Hazard Management's Lee Madison surveys data on the earthquake Wednesday.

A 7.6 magnitude earthquake off the coast of Honduras Tuesday night triggered a tsunami scare that impacted the Cayman Islands and raised new questions about the islands’ emergency alert capability.

Hazard Management Cayman Islands officials confirmed Wednesday morning that the territory had been impacted by a small tsunami, bringing sea level rises of less than a foot.

The quake hit at 9:52 p.m., 25 miles east of Swan Island, Honduras, and registered as a minor tremor 190 miles away in Grand Cayman. Residents reported feeling vibrations, in some cases shaking furniture, knocking pictures off the wall and causing minor wave action in condo swimming pools.

RELATED STORY: Emergency alert system proposed

RELATED EDITORIAL: Quaking in our … er … sandals

The U.S. Tsunami Warning Center briefly placed the Cayman Islands on an advisory watchlist Tuesday night, warning of potential wave impact between 1 and 3 feet at around 10:30 p.m.

Information about the quake and the scale of the anticipated tsunami was not immediately available locally, prompting speculation and some concern among residents, who feared a more serious wave impact.

The first official notification from government’s Hazard Management unit dropped at 10:46 p.m. – 15 minutes after the anticipated wave impact.

Simon Boxall, education and communications officer at Hazard Management, acknowledged that public concern about emergency communications was justified. He said government does not currently have an effective and efficient system of notifying the public in the case of “rapid onset events,” like a tsunami, major fire or a toxic spill.

He said the team had reacted swiftly, briefing journalists and updating their social media pages, but acknowledged more universal communication was needed.

“It re-emphasizes what we have been saying for a while. We need a mass notification system. It is fairly standard in other countries …. The public need and expect to be informed if a threat is coming their way,” he added.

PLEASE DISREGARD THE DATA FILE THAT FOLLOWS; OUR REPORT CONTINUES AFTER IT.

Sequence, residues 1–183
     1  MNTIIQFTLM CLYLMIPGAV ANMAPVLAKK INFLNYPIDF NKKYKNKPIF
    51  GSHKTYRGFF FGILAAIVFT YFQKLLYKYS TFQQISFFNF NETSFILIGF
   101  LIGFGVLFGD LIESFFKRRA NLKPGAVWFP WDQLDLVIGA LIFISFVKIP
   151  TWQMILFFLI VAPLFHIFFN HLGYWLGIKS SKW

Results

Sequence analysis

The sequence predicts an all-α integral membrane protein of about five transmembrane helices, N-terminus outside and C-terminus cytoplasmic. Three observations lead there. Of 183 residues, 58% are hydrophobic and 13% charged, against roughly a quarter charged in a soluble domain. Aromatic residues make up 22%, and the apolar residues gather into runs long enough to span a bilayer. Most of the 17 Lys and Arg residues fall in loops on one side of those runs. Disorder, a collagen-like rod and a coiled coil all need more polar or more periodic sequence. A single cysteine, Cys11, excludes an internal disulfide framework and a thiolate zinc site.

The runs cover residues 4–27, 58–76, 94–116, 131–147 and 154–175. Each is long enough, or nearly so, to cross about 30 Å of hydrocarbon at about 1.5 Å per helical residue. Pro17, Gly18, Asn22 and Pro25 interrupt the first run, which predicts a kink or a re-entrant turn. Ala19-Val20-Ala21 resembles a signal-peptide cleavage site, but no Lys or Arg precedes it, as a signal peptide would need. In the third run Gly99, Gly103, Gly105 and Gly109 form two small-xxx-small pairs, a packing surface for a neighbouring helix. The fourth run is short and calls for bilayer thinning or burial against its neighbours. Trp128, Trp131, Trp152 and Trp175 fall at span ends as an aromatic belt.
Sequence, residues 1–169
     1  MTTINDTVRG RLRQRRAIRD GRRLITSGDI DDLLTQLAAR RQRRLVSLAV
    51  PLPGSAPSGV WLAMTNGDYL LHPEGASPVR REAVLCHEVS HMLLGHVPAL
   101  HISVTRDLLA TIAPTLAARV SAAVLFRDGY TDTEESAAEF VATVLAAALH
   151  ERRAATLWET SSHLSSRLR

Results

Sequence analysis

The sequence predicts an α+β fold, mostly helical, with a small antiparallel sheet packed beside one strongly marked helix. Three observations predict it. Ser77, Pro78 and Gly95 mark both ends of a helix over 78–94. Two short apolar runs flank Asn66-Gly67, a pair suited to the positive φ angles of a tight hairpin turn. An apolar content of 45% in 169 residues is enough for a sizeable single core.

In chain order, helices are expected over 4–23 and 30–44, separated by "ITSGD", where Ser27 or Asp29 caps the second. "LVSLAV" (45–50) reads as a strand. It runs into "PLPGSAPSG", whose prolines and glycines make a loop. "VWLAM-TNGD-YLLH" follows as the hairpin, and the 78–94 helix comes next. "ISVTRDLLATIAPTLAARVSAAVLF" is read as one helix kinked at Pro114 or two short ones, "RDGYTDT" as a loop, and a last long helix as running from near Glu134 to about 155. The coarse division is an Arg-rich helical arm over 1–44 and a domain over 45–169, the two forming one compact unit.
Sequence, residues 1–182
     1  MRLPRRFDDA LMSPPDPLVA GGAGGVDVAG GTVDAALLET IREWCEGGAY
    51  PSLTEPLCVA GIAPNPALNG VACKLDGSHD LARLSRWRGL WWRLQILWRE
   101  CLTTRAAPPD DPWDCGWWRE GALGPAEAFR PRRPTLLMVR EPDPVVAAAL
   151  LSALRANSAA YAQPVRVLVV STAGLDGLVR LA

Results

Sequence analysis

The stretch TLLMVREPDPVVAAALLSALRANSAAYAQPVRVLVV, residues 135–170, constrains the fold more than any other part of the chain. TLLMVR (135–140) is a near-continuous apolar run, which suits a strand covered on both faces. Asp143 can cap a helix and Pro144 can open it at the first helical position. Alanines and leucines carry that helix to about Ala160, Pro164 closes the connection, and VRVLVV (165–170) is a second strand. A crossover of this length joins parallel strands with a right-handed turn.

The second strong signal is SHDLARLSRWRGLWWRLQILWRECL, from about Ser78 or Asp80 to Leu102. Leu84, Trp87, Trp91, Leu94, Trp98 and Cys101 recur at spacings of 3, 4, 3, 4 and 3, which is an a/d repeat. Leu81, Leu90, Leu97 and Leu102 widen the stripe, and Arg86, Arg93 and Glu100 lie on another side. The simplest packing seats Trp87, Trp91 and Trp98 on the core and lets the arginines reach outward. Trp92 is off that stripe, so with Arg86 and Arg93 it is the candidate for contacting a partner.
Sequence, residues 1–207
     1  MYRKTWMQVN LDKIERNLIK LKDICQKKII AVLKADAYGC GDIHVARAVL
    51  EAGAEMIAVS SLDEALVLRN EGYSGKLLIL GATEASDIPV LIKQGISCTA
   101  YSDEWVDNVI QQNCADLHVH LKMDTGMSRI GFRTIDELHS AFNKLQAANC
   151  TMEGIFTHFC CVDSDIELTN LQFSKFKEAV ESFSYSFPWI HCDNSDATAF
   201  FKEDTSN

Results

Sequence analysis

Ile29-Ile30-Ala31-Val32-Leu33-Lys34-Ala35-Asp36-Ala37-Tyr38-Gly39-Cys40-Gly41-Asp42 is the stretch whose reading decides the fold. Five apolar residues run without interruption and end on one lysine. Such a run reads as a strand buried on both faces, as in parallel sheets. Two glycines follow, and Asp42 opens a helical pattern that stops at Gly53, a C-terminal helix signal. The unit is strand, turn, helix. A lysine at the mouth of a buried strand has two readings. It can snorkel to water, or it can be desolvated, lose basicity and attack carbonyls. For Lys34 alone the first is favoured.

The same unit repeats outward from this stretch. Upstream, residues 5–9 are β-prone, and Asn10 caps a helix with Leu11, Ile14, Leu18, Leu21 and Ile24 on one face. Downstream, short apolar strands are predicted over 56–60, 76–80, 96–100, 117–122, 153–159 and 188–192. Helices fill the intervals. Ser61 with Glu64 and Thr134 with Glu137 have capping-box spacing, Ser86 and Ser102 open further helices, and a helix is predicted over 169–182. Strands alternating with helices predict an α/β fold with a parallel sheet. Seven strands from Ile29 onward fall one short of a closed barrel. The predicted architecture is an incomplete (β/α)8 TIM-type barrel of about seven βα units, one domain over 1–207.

He said government was working on a solution that will enable much swifter access to information in emergency scenarios.

Even with sharper communications, he acknowledged, residents may not have much time to prepare if a more serious tsunami struck the Cayman Islands. Depending on the location of the earthquake, the lead time for residents in the Cayman Islands could be anything from a few minutes to eight hours.

Photo: USGS

Danielle Coleman, acting head of the Hazard Management unit, said part of its focus was a public education campaign to ensure residents knew what to do.

“We are not used to having tsunamis. It is a mysterious topic for a lot of people, but they are a realistic threat. If you feel an earthquake, you need to go inland and up – it might be nothing but it is much better to be safe than sorry.”

Boaters are advised to stay on the water and go out to sea, she added.

The likelihood of a more serious tsunami impacting Cayman is considered to be remote but not impossible.

Mr. Boxall said, “We are in a seismically active area. These things don’t happen very often, but that’s part of the problem. We need people to know if these things do happen, how are you going to react to keep yourself and family safe.”

The deep water around the Cayman Islands provides some degree of protection, because major tsunamis require shallower depths to build height

But Mr. Boxall said there were enough such areas, including in the North Sound, for tsunamis to be considered a credible threat to the territory.

Tuesday night’s event was the first time a tsunami has officially been recorded in the Cayman Islands, though the history books suggest there may have been previous events, before the advent  of modern recording equipment.

Mr. Boxall said there were documented accounts of a serious earthquake at sea in 1843 and an incident in 1856 where Cayman was “sunk” by an earthquake.

In his book, “Islands from the Sea,” on the geology of Cayman, author Murray Roed documents a tsunami in Jamaica in 1692 which he says impacted Cayman.

He told the Cayman Compass Tuesday that the conditions did exist for tsunamis to impact the island.

“A tsunami can be generated in several ways: movement along faults, especially near continental edges, major landslides into water and also major submarine slides in places like the Cayman Trough,” Mr. Roed said.

He added, “The Jamaica tsunami impacted Cayman. The Cayman Islands are near major transform faults trending east-west and also are at the edge of the North American Plate. So there are plenty of opportunities for tsunamis but are nevertheless very rare.”


  1. We may have been impacted by a tsunami in 1692, but these are very rare events and no such events have caused any damage at least. since these islands were inhabited. What we do need to be concerned about are the frequency of hurricanes and their resulting tidal surges. Ivan swamped half the island with seawater which caused more damage than the Category 4/5 winds.

  2. I agree with Roger and would add it is time to build sea walls along the south side of Cayman like GT. We have removed what was for thousands of years of natural protection on our beaches. There was a dune we had to climb over to get to the water.
    We also need a drain system to move water from one side of the island in case of another surge.

Comments are closed.